Talk:Autocoder

From Wikipedia, the free encyclopedia
Jump to: navigation, search
WikiProject Computing / Software  
WikiProject icon This article is within the scope of WikiProject Computing, a collaborative effort to improve the coverage of computers, computing, and information technology on Wikipedia. If you would like to participate, please visit the project page, where you can join the discussion and see a list of open tasks.
 ???  This article has not yet received a rating on the project's quality scale.
 ???  This article has not yet received a rating on the project's importance scale.
Taskforce icon
This article is supported by WikiProject Software.
 

Copied from User talk:R. S. Shaw:

Look I have an article written by Alick Glennie in 1953 where he talks about Autocode and I don't see him mention Autocoder anywhere. I also have an article by Campbell-Kelly about early programming for the Manchester Mark 1 where he uses the term "autocode" everywhere, but never uses the term "autocoder". Also, I've tried a couple google searches on autocoder and can't find any mention that it is a generic term for assembly language, other than FOLDOC and web pages that are clearly just scaping FOLDOC. There are a couple of other entries in FOLDOC that I find suspicious so I'm not completely trusting it.A B Carter (talk) 12:22, 12 March 2007 (UTC)

You raise a couple of questions, I think. First, was "Autocoder" the name of the program that translated a language named Autocode? I don't have any knowledge about this, not having researched it other than to see that FOLDOC says this. It seems plausible, and Glennie may not have mentioned the program name, not seeing it as relevant. Nevertheless, it may be entirely supposition by some FOLDOC author. We are talking about history that's fairly old now, and knowledgeable people are quite few; FOLDOC is a bit older than Wikipedia and may have had input from such people.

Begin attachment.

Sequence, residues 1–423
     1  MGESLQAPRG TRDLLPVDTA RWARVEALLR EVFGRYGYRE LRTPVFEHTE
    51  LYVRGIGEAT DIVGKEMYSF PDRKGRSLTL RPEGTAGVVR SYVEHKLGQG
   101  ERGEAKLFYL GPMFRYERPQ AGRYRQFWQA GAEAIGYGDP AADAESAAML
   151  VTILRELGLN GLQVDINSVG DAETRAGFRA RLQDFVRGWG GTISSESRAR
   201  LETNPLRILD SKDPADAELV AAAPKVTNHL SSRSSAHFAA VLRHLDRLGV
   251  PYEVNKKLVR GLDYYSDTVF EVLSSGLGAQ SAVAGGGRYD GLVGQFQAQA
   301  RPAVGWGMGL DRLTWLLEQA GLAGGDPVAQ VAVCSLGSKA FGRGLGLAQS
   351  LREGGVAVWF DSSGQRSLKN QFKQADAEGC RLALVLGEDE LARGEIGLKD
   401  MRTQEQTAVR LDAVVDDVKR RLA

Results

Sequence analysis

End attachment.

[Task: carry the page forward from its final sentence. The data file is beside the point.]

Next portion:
Second, is "autocoder" a generic term for assembly language? I'm not sure how generic it was, but it pretty definitely was used for what was essentially an assembly language, at least on the IBM 1400 series of machines. This is pretty clear from a quick look at p. 22 of the "1964 IBM 1401 Autocoder manual" that the external link points to. So it was a language, was assembly-like. How generic it might have been needs further research. The web isn't so great a source for something like this as it dates from the 1990s, not the 1950s, and the subject isn't of such historical importance that lots of people have been writing blogs and web pages about it for years. -R. S. Shaw 18:06, 12 March 2007 (UTC)

I think we're making some progress. On the one hand I'm having a very hard time accepting the claim that Glennie's language was ever called "Autocoder". The paper by Campbell-Kelly is, "Programming the Mark I: Early Programming Activity at the University of Manchester" and is published in IEEE's Annals of the History of Computing (Vol 2. No. 2). It provides a fairly detailed and extensive discussion. The key passage is the following:
In 1952 Glennie devised an automatic coding system to try to alleviate the language difficulty of programming the Mark I. Glennie called the system AUTOCODE; this appears to be the origin of the term, which was widely used in Britain in the 1950s and early 1960s.
In this article "autocode" is mentioned 116 times while "autocoder" is not mentioned once. Campbell-Kelly has written a number of articles on the work done at the University of Manchester so I have to give his statements some weight.
On the other hand I agree that simple google searches may not be particularly relevent when talking about fairly obscure developments in computers languages fromthe early 60's. So I did a search on "Autocode" in the ACM digital library. It wasn't exhaustive, but I did find 53 citations, not a huge number, but more than a handful. In the ones that I looked up (between 6-12) Autocoder always referred to an IBM language. A number of different machines were mentioned, 7705, 7070 and 1401 were mentioned specifically. So I also agree that it was a language and it was assembly-like, but unless your worldview was big blue I'm not seeing that it was a generic term.